Ethel: I guess it worked. I don’t know. It took all of those things maneuvers because teenage girls knew exactly where they were at all times.
That was a fun time.
Ethel: Yes. It was.
You met them. You’re a photographer, and you took pictures of them.
Ethel: I did.
Any other celebrities?
Ethel: Well, Liz Taylor and Richard Burton. I said to someone, “Aren’t they pretty good?” “Oh, not like The Beatles,” someone said. But I took my own pictures and they’re pretty good, of them on a propeller and on the stairs for the boarding. But that was not newsworthy like the Beatles.
You’re a very good photographer. You took well-known pictures of the Beatles, Liz and Dick, and Richard Nixon. You’ve met a lot of presidents.
How did you handle celebrities, to keep them out of terminals?
Ethel: We would do the best we could and escort their vehicle to the airplane in those days. Most of them would get off and come down the stairs. You could just exit the plane door and go down the stairs and meet your vehicle on the ramp. We would do that rather than go through the terminal.
If you get involved in public relations, you get involved in everything and then that’s fun. Certainly you never know what’s going to be next and who might walk in. It’s still that way.
Who was your favorite mayor?
Ethel: Tom Bradley was the mayor a long time and was involved in the opening of the terminals in ’61. He was around a lot and friendly. Back in the day he could walk in and out easily. He was good for us and good for the airports. And his wife’s name was Ethel!
Who were some of your favorite people to work with?
Ethel: Too many to remember, but a few come to mind. The key one for the airport was Peggy Hereford, the airport Public Relations Manager from the 1950s to the ’70s. The Airport Managers at the time, Francis T. Fox and Cliff Moore, often called her up to the top floor of the tower to ask her how the press would react to a decision or policy they were discussing. It was amazing the respect that she earned and the esteem that she held. She was so influential to me.
We had some talented PR managers who followed Peggy Hereford: Virginia Black, who went to USC and was a sorority sister of mine; and Lee Nichols was a fantastic PR director. They hired Nancy Niles as the Community Relations Director, and she was pretty fantastic, too. All of them could handle the community and their job. You had to know how to write. We didn’t have spellcheck, and some of us were terrible.
Speaking of celebrities – the Concorde might have been the most famous plane to fly into LAX. It flew here on a sales mission, before it ever started commercial service. Do you remember the first time you saw it?
Ethel: Yes, it was little.
You weren’t too impressed!
Ethel: Not really. We went inside, and it was little. It held, what, 70 people? That’s all. Not very many people!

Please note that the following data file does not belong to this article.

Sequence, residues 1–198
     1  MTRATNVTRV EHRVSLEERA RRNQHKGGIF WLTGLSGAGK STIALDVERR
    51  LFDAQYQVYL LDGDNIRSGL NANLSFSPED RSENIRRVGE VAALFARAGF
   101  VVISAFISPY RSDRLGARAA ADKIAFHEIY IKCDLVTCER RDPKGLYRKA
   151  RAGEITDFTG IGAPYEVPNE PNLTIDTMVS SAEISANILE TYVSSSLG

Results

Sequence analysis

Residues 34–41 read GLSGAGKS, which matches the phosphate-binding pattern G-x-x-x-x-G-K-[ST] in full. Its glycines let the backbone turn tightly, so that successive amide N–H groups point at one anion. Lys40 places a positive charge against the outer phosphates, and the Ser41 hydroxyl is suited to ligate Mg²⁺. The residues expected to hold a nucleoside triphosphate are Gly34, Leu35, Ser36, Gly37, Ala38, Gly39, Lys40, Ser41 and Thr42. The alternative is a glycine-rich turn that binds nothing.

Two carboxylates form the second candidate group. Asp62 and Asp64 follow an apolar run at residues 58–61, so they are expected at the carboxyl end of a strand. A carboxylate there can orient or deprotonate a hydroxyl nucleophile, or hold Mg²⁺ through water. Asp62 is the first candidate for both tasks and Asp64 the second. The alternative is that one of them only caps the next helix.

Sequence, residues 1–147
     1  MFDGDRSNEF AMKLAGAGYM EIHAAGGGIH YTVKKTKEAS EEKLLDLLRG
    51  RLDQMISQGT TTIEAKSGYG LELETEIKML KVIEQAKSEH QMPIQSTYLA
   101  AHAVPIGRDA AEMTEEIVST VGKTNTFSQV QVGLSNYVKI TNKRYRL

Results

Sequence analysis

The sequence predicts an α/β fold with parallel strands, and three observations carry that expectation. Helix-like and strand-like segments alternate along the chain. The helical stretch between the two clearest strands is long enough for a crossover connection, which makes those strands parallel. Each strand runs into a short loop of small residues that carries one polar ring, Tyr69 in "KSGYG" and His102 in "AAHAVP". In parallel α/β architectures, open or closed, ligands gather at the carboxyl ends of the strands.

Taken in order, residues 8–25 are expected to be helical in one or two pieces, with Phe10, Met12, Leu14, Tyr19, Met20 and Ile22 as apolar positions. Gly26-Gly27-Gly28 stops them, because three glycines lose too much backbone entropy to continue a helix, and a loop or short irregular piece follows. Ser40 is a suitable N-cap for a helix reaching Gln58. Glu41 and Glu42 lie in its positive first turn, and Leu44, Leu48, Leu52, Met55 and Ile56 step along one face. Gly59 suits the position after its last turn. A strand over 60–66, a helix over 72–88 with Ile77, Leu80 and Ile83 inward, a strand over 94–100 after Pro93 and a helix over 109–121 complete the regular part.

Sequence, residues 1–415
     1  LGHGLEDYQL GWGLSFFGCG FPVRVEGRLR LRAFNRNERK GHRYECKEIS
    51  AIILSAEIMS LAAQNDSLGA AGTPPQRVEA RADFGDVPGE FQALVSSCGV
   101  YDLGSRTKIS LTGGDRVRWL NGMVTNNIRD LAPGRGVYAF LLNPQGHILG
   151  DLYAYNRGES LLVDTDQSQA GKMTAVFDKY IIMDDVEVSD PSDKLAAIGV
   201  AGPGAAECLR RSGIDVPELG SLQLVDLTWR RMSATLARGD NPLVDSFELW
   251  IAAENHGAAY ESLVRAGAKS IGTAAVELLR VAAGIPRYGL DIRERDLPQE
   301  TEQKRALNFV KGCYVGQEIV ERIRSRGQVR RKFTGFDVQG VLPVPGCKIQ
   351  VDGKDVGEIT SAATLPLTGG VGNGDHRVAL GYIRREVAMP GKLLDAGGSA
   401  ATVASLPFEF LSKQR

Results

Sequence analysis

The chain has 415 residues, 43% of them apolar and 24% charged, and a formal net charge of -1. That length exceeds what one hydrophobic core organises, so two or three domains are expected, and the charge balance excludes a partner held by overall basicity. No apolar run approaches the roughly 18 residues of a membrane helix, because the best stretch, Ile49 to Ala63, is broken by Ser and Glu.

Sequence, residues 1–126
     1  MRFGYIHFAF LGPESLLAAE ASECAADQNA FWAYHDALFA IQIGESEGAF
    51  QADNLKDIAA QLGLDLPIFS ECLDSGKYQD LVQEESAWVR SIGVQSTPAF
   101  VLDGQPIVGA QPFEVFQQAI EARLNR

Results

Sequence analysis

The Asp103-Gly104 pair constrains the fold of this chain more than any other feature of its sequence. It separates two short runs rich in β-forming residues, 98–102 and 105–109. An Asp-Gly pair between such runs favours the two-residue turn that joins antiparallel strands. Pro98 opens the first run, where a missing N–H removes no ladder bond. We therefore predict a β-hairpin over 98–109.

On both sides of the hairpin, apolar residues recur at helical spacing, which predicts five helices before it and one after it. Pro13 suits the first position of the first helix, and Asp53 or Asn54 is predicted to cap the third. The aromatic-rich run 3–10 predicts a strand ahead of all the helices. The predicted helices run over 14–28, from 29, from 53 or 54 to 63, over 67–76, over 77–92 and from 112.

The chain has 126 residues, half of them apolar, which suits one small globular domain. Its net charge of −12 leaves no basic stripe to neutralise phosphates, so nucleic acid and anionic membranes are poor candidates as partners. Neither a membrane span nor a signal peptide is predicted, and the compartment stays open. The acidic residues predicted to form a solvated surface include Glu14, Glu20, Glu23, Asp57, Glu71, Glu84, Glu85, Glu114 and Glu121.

It was a big day, though, and certainly it was sad that it never made it commercially out here, but then time goes on.
The Past and Future of LAX
What was your biggest challenge in your career?
Ethel: Probably when the Beatles visited.
Do you remember when they had a housing development at the end of the roads? I think it was called Surfridge.
Ethel: In Playa del Rey.
Right. It was like 800 homes and 2,000 residents. Now it’s abandoned. Was that a big PR issue?
Ethel: Well, they hated to move, but it was noisy. We moved them to designated areas or wherever they bought and then helped them make the move.
Airports was responsible for finding them a new location.
Ethel: Yes. Noise was the issue.
If you had to name your top three toughest things to work with, what would they be?
Ethel: Accidents, celebrities coming and going, and growth of the airport.
Ethel: They happened twice, one week apart, two Saturdays. One was right out our window on the north side. A guy flew in from the west and overran and he couldn’t stop in time.
Those had to be the most stressful times.
Ethel: Yes, but there weren’t too many.
What was it like to work here on 9-11?
Ethel: There was nobody at the buildings, and no cars on the road going in. That’s pretty different.
PR was just really busy. We had to go to PR to find out what was going on. We didn’t have our own phone.
Was it an emotional day?
Ethel: I’m sure it was. It’s hard to remember that part.
Do you have a favorite airport? Or a least favorite?
Ethel: I can look at an airport and say what’s wrong right off the bat, like too big, too far to walk, no moving sidewalk. We didn’t have a moving sidewalk until way into my time here, and it was a long way to walk.
Did you do any work at Ontario when the City owned it?
Ethel: We went to the dedication of Ontario when we owned it. We worked the day but not ever again.
Did you think that Palmdale was ever going to grow?
Ethel: We thought so. Everybody seemed to think everybody’s going to move to the desert. Everybody thought we’ll put an airport there because all these people were going there. Well, they didn’t go, or they could get better and cheaper service here so it didn’t pay.
Are you going to take a ride on the new people mover when it opens?
Ethel: I don’t know. I think I should.
I think you should. In fact, I think you should get a whole car named for you. Speaking of which, LAX has a rose garden named for you.
Ethel: Yes, it’s front of the old tower, to the east of the Theme Building. It’s near where people used to walk from the terminals to the hotels.
Your daughter tells us that only five things at LAX have been named for people. And the rose garden is one of them.
Ethel: Maybe so.
That says about all that needs to be said for what you mean to LAX. Ethel, thank you so much for talking to us today. Our readers, and really all the City, really appreciate it.
Ethel: You’re welcome.